Oh no!
Not old E-Bay.
Can be costly.
Peter

Dorothy Davies
Senior Member
posted 02-28-2005 10:23 AM     Click Here to See the Profile for Dorothy Davies     Edit/Delete Message
no, Peter, ebay is not expensive at all if you choose carefully. I have acquired wonderful books at giveaway prices. I also acquired a coin from Edward IV's reign for 50 and one from Richard III's at a price way below what it could have gone to, he said, but because I am working with Richard III on his book, he said he would stop the auction, which he did, and let me have the coin at a very good price! I'm spending a fortune but getting wonderful books, really good condition excellent value books, signed copies in some instances, for under 10 including postage and buying brand new shoes at a third of the price of the local shop selling the same brand!

It's checking everything first to make sure your seller has good feedback, and then to ensure that there is not a cheaper version further down the listing. apart from that, go for it!

Dorothy Davies
Senior Member
posted 03-01-2005 05:41 AM     Click Here to See the Profile for Dorothy Davies     Edit/Delete Message
thanks to a thoughtful friend, I was able to see the Jousting programme last night - brilliant, wasn't it? very well done and congratulations to the men who volunteered to risk all (and one nearly did!) to ride the tournament. I thought it was very interesting indeed.

Peter
Member
posted 03-01-2005 12:51 PM     Click Here to See the Profile for Peter   Click Here to Email Peter     Edit/Delete Message
I know Dorothy,
even bought my wifes Xmas present from E-Bay last year.
I tend too have a look every month or so, then I think you get a turnover of material.
Your postage can cost you a lot more than what you have paid sometimes though. Depends on what you are buying.
Peter

Dorothy Davies
Senior Member
posted 03-02-2005 04:38 AM     Click Here to See the Profile for Dorothy Davies     Edit/Delete Message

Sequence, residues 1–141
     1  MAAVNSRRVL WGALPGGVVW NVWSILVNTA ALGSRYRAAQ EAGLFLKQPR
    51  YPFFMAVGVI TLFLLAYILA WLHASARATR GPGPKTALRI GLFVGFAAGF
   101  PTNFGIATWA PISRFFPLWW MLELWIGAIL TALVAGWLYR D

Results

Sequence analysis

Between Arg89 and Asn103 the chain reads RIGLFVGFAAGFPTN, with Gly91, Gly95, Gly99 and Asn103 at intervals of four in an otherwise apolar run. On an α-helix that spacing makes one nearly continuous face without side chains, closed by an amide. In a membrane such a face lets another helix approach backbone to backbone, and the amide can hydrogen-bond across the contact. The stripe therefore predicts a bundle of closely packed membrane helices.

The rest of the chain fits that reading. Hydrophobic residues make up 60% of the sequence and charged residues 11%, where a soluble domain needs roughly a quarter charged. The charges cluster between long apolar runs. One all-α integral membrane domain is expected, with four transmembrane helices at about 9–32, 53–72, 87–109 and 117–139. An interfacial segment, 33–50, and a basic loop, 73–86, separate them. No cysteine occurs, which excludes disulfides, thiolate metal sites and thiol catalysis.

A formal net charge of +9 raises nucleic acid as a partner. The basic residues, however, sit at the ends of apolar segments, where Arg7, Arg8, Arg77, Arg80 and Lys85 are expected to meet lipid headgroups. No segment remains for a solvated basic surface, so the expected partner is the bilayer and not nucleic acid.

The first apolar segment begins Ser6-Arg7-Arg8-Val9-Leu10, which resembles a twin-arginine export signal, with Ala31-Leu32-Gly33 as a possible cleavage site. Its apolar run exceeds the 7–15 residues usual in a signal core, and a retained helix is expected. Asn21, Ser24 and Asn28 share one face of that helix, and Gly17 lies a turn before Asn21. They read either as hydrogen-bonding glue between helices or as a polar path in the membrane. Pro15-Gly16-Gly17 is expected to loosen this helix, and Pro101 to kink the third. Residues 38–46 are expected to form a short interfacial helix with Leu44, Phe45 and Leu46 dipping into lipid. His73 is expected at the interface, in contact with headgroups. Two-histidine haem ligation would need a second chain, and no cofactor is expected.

I hve just bought a job lot of books on Richard III, I have more than half of them already but - the entire lot is 20, plus 12.50 postage. That means, the books I don't have will haved cost me 32.50 and there is the chance of posting the books I do have back on ebay or Amazon and recouping the money. As I am anxious to build a huge Richard III library (essential) this is a good way to do it, I thought. I do check postage, carefully! a shop in Norfolk has closed and is selling off brand new 70 shoes for 20 plus 5 postage, can't be bad!

I have bought, more specifically to this site, a King Charles half groat, an Edward IV groat and a Richard III royal, that last one being a great ebay story on its own! they are wonderful, it is one thing to write about those times, another to own something that was made in those times.

Peter
Member
posted 03-02-2005 12:41 PM     Click Here to See the Profile for Peter   Click Here to Email Peter     Edit/Delete Message
The items I bought for Anita (10 in fact), were mainly from the Stuart/Tudor period. They were acredited detector finds from the area around Colchester.
They consisted of belt buckles, sword hanger, book clasp, Charles I coin, and several 'Jetons', which were a type of token used in Europe.
All these, and mounted on card for 40! Plus a little postage. Cost me as much again to have them nicely framed.
They look nice in the cottage lounge.
And the Boss was pleased.
Peter

All times are PT (US)